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Freeing Gurel

The safe return of Eliyahu Gurel, the Israeli cabdriver freed by commandos after five days in terrorist captivity, is a welcome reminder of those happier times when Israel’s military was a model of gallantry and derring-do, not a pariah. For the first time since the Entebbe operation of 1976, Israel managed to end a hostage situation not with hostages murdered by their captors or killed in crossfire but brought out alive and unharmed.

In a textbook operation, the crack General Staff Commando unit, backed up by the Border Police counter-terrorism squad, managed — by tapping his captors’ cellphone calls — to trace the missing cabbie to an abandoned factory outside Ramallah, then lured the kidnappers outside and freed him without a shot.

Leaks from the Israeli Defense Ministry this week, disseminated widely by Israel’s friends and allies in this country, were making much of the fact that Gurel was freed without any help from Palestinian security services. The idea seems to be to discredit the cease-fire. Palestinians, for their part, were complaining that they couldn’t do much to help because Israel wasn’t sharing its leads.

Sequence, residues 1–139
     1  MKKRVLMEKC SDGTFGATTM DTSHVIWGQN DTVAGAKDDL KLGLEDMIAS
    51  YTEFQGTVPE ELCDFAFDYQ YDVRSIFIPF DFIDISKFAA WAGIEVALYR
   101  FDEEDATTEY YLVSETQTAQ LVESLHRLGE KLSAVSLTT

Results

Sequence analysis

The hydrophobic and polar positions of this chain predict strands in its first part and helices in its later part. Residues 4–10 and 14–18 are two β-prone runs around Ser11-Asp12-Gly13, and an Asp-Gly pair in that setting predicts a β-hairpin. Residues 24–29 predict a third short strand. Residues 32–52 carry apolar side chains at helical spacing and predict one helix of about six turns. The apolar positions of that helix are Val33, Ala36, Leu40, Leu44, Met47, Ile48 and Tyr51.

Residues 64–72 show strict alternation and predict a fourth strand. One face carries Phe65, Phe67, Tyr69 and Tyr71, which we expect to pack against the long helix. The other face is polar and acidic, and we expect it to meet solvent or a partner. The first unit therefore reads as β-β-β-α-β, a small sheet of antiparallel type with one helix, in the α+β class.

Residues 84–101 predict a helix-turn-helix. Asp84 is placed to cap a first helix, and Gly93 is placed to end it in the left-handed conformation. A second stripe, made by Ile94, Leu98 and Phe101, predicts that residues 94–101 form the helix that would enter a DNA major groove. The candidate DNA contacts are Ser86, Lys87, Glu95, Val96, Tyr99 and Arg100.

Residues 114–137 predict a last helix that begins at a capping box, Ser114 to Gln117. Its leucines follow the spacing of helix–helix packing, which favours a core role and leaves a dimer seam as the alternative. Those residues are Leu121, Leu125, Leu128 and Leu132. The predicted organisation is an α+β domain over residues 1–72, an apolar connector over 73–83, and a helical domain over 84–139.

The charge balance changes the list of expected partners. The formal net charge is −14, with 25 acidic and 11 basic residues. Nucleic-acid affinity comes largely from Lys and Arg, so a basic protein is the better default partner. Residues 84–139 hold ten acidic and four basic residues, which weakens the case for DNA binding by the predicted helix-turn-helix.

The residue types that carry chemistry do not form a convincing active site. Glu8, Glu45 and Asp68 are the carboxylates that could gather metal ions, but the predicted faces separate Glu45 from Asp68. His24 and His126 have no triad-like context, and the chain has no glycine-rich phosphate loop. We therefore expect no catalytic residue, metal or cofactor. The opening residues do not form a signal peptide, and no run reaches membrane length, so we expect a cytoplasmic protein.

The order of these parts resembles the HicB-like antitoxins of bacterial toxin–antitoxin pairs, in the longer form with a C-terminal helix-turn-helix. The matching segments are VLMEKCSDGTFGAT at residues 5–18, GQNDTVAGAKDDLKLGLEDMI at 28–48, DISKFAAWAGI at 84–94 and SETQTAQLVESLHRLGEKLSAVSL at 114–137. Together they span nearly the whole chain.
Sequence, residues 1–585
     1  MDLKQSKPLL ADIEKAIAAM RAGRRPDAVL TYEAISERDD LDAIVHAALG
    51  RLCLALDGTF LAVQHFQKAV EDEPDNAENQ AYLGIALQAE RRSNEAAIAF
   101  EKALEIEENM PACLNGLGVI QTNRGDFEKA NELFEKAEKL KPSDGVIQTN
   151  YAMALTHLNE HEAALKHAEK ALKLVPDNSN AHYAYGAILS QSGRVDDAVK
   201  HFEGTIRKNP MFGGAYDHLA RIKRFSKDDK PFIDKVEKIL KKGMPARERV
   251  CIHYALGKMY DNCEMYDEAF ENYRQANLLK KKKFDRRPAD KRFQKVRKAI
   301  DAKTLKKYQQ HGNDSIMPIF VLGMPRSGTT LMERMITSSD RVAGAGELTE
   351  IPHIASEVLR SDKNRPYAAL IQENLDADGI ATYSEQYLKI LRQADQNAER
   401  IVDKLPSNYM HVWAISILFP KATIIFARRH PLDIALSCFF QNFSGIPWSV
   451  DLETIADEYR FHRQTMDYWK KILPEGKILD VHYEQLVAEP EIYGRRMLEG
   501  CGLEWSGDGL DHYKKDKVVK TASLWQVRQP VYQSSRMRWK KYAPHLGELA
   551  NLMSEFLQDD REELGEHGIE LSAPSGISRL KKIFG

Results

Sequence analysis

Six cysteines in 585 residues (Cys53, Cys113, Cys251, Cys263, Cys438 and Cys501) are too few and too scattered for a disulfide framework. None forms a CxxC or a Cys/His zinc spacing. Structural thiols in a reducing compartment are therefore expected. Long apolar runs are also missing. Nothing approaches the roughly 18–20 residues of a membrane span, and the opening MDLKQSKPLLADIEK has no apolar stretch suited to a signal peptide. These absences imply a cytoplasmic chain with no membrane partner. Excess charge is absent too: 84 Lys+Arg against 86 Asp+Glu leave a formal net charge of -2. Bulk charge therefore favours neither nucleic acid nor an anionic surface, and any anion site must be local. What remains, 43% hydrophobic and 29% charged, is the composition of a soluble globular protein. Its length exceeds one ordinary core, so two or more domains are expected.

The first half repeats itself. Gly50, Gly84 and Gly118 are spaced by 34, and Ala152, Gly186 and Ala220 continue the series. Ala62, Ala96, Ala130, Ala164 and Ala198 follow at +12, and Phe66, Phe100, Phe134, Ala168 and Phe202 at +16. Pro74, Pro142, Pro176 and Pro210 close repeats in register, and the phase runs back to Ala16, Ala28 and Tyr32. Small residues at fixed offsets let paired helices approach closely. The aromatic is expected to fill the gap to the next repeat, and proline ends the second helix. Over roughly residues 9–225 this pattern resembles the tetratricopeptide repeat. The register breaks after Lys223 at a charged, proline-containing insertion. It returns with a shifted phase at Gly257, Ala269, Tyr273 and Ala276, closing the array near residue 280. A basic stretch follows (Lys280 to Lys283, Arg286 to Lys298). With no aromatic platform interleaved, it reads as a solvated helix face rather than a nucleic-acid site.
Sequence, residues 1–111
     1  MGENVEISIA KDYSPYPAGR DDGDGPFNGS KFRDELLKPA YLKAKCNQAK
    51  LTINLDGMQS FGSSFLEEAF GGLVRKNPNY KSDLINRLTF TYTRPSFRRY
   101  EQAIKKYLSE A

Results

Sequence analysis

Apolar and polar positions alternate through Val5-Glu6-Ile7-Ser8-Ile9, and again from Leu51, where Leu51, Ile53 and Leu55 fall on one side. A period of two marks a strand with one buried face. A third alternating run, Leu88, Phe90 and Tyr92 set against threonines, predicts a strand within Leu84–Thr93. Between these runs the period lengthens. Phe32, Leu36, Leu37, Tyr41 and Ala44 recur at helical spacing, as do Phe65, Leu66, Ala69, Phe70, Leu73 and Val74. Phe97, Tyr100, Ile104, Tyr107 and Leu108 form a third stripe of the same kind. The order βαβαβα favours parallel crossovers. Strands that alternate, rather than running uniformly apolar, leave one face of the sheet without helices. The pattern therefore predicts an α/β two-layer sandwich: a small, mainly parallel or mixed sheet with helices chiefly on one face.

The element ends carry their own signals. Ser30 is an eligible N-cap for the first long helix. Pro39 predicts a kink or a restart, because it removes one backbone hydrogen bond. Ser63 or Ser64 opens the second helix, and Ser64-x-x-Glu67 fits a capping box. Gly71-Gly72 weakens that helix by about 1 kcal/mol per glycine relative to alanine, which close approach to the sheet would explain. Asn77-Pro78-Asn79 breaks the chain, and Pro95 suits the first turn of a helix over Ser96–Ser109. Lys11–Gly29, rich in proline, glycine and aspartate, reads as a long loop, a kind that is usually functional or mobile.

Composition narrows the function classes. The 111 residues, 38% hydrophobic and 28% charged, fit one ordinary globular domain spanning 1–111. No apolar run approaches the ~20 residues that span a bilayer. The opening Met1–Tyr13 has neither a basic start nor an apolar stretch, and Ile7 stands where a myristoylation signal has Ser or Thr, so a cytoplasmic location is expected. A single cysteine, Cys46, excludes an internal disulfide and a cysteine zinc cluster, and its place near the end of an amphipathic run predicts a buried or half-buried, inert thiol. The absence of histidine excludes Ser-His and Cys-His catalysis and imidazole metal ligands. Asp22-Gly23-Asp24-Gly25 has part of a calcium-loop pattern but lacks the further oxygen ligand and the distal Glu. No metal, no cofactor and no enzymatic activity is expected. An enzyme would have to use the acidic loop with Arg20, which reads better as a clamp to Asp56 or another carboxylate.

But the debate misses the point. As the army itself made clear, Gurel’s captors were a gang of freelancers without links to any established terrorist groups. Along with the fatal stabbing of an Israeli in Tel Aviv, the kidnapping represents a new wave of terrorism by amateurs without backup from the Palestinian leadership. That’s because the cease-fire, as shaky and mistrustful as it is, is working.

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